In which policy areas or strategic priorities, do you see Ukraine’s contribution as potentially really important for the EU construction?
Ukraine is one of the largest markets outside the European Union. Its competitiveness is extremely high. Speaking about the post war reconstruction, all the opportunities related to green transition to physical recovery and reconstruction may be massively discovered in Ukraine.
Ukraine is also an agricultural country and one of the largest exporters of grain and agricultural products around the world. The EU has not been the main market for our exports. By accepting Ukraine, the EU will gain a huge global player and also increase its position in world trade.
Do you think that reconstruction should be part of the accession negotiations? What is the most relevant format to address the massive cost of reconstruction?
There is a coordination platform between all the major players from the G7 group, the EU, the US and, and other partners where we are setting the roadmap and priorities for recovery and related reforms.
And this process is already underway. The discussion is there.
It is a common agreement of all global partners that this process should be aligned with Ukraine’s accession process to the EU and with the reforms related to that. And this, of course, should be the priority for the European Union’s financial assistance aimed at recovery.
Poland and Ukraine are in the midst of an important crisis, when it comes to supplying weapons and the import of Ukrainian grains. How does it affect Ukraine’s war effort ? How do you intend to find a solution?
At the moment, the dialogue has been depoliticized and the issue has been discussed at the level of the relevant Ministers of Agricultural Policy and the colleagues from the Ministries of Economy. I think it’s very important to have this understanding that despite the very fact that we have these tensions, it doesn’t mean that it should be seen as general tensions in Ukrainian-Polish relations.
There have been some emotional statements, but what I can confirm is that so far there is not the slightest sign of a reduction or decrease in support from Poland in terms of their military assistance.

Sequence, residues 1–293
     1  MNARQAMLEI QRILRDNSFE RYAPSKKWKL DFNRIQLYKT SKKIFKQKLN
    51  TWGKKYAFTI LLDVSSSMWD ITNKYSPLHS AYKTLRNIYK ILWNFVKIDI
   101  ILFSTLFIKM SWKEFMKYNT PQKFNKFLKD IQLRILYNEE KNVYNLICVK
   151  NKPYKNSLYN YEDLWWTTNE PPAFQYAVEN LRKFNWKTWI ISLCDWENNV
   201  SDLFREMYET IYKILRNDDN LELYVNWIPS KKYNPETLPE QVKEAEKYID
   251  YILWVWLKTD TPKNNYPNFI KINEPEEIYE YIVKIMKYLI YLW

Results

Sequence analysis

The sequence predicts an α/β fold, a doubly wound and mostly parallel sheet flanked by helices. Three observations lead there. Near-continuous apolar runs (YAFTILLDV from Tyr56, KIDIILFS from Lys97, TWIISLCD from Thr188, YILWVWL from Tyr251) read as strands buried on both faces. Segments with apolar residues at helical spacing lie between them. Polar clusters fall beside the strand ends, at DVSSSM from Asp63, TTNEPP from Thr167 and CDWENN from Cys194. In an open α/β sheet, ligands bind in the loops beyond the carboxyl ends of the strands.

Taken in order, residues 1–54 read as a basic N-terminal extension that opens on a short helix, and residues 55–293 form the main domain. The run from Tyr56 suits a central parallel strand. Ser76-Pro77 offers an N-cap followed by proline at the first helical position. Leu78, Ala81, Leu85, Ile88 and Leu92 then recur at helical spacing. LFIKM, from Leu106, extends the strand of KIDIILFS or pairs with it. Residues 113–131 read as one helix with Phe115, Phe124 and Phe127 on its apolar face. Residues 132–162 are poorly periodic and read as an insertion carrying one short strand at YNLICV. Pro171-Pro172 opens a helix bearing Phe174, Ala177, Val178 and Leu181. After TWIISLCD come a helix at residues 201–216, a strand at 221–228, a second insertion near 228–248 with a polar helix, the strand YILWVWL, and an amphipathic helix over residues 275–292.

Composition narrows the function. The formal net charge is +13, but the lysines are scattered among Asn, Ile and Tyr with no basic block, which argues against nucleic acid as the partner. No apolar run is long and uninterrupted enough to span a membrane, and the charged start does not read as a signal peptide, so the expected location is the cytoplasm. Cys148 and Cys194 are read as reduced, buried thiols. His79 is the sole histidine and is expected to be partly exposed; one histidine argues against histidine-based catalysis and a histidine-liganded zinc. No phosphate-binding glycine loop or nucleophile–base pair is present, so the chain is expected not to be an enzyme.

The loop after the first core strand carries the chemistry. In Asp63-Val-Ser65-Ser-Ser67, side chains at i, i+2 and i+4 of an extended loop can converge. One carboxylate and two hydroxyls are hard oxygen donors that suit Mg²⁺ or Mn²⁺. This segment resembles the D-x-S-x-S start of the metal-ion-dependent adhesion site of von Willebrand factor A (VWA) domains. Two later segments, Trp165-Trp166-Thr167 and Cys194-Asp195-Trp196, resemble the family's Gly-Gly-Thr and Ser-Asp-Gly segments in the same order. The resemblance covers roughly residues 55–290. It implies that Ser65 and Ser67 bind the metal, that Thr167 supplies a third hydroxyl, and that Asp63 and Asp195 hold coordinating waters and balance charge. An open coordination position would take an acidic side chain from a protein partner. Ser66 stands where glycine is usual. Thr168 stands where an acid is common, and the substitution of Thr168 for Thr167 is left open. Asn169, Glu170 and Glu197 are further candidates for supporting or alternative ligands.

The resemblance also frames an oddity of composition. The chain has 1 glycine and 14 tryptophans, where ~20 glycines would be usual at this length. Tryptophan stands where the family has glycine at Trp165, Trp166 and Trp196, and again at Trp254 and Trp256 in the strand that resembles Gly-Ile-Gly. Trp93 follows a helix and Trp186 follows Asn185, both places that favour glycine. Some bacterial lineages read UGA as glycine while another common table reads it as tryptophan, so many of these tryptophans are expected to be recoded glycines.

Do you think it is a sign of the difficulties that Ukraine will face in its path to joining the EU?
It is definitely a lesson to be learned. At the same time, we understand that it’s really important that we can find the solutions to bilateral issues before the accession to the EU, which will only make the whole political process smoother afterwards.
We have learned our lessons, we have adapted. The key issue in future accession talks would be to find a balance on the most difficult issues before accession.
What do you think is the biggest danger for Ukraine’s continued fighting?
It has been clear that our partners will stand with Ukraine for as long as it is needed. We have made a significant effort to defend ourselves and deter Russian aggression.
Now we really need to transform our understanding into the fact that we are moving toward victory.
And although the counter-offensive measures are not as vivid as they were a year ago and the occupation of some regions is still a reality, this is a sustainable process of moving forward. The support and the commitment should only increase, so that the counteroffensive that is now taking place will lead to the restoration of the 1991 borders of Ukraine.
Ramona Bloj, A Conversation With Olha Stefanishyna, Deputy Prime Minister of Ukraine, Oct 2023,